Wheat grows from wheat kernels, which are also known as wheatberries. The kernel is composed of an endosperm, the bran and the germ. From the endosperm we get white flour, while the endosperm plus bran gives us whole wheat flour. Bran and germ can be purchased individually. Kernels are planted at different types of the year depending on what kind of wheat is to be grown.
There are thousands of varieties of wheat. All of them fall into one of six classes: durum, hard and soft white wheat, hard and soft red winter wheat, and hard red spring wheat. As you might guess, the winter varieties are planted so that they are exposed to cold winter temperatures, which helps their development, while the spring varieties are planted in the spring. The winter wheat varieties are planted in the fall around the time of the first freeze for an early summer harvest. The spring varieties are harvested in the late summer or fall. The stages of growth are roughly the same for all types of wheat.
Germination Leading to Leaf Production
Germination begins after a kernel is planted. Roots grow and the coleoptile emerges. A coleoptile is a sheath that protects the new shoot that will grow. Once the coleoptile breaks through the soil, a new leaf emerges through the tip of the coleoptile. After that, a new leaf is formed every four or five days until the plant has eight leaves (nine for varieties that mature later). The last leaf is called the flag leaf.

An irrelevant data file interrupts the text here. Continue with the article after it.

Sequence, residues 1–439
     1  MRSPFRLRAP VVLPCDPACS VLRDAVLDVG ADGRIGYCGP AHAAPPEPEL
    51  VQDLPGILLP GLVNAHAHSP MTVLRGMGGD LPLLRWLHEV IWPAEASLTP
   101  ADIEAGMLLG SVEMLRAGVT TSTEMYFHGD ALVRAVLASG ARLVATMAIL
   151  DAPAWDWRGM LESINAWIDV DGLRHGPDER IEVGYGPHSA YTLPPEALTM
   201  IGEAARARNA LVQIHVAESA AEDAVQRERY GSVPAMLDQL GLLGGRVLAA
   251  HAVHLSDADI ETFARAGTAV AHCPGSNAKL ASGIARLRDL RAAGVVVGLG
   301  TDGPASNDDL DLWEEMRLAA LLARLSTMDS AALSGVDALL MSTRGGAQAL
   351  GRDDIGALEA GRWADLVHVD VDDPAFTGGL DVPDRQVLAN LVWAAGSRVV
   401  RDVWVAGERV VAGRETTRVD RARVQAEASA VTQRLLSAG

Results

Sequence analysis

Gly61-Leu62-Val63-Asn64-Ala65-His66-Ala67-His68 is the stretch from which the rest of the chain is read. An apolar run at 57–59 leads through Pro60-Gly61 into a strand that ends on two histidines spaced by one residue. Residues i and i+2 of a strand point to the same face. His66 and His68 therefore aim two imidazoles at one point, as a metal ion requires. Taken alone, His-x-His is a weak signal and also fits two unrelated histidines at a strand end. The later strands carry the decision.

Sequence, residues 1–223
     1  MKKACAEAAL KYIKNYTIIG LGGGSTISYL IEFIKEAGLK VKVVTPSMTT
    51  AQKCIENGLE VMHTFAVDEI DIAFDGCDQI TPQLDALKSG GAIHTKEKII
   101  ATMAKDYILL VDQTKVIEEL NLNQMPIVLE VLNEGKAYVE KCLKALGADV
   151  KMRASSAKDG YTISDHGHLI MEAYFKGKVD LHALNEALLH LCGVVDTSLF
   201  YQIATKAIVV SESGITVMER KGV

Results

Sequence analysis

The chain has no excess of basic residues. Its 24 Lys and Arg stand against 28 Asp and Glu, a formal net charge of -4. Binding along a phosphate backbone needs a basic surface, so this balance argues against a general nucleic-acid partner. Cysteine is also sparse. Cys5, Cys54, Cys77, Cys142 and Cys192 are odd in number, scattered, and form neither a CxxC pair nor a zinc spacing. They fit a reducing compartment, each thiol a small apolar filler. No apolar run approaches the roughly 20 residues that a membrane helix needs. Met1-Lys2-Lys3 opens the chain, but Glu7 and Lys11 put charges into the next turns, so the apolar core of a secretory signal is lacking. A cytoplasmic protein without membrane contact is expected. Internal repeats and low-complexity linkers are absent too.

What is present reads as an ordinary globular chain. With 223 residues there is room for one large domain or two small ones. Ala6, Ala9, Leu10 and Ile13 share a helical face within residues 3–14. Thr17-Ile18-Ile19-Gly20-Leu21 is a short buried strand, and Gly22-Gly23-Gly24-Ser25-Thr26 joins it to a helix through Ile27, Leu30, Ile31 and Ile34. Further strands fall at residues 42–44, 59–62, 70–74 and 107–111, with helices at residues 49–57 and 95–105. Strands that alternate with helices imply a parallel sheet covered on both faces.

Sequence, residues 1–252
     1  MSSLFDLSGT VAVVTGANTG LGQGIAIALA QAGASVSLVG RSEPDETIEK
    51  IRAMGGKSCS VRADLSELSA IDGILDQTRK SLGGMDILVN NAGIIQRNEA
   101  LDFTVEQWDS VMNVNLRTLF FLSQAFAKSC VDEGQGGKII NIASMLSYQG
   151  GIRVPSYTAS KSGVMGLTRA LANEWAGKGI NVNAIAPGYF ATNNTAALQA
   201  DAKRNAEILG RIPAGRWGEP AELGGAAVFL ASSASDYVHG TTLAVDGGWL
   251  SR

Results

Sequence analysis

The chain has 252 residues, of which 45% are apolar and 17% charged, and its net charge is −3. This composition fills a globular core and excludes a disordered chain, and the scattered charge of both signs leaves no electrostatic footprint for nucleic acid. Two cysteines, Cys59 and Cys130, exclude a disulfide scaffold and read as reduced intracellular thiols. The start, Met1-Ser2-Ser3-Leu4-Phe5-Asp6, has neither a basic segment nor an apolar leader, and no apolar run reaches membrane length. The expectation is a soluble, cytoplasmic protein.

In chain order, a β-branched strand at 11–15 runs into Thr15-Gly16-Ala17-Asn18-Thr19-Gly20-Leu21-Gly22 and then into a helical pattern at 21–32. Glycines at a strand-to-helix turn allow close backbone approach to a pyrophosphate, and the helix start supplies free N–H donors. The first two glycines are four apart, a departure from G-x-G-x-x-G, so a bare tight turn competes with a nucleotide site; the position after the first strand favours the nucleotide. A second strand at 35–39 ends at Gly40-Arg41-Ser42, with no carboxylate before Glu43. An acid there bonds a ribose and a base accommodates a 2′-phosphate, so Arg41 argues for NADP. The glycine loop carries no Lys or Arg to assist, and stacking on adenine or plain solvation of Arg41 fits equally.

Tillering refers to wheat plants growing shoots. How many the plant grows depends on its variety and growing conditions. Three is a normal number. These shoots are in addition to the main shoot from which leaves emerged. A fully developed tiller ends up producing grain, but not all tillers will get that far. Tillers that grow at the same time that the fourth through the sixth leaves appear have the best chance of producing grain. Meanwhile, tiny heads form on the tillers and the main shoot. Under favorable conditions, here is where the flower structures and kernels will be formed. When the head is fully formed, the stem begins to grow longer.
Head Growth, Emergence and Flowering
Elongation of the stems and quick head growth go hand in hand. The individual wheat florets prepare for pollination and fertilization. Up until now, the developing head has been enclosed in a sheath. Now it emerges and a few days later, pollination begins. The pollination of the florets in a head takes about four days.
Kernel Growth and Maturity
Pollination means seeds--in the case of wheat, kernels. The kernels grow over the course of about a month. Maturity is easy to see because the head changes color from green to amber.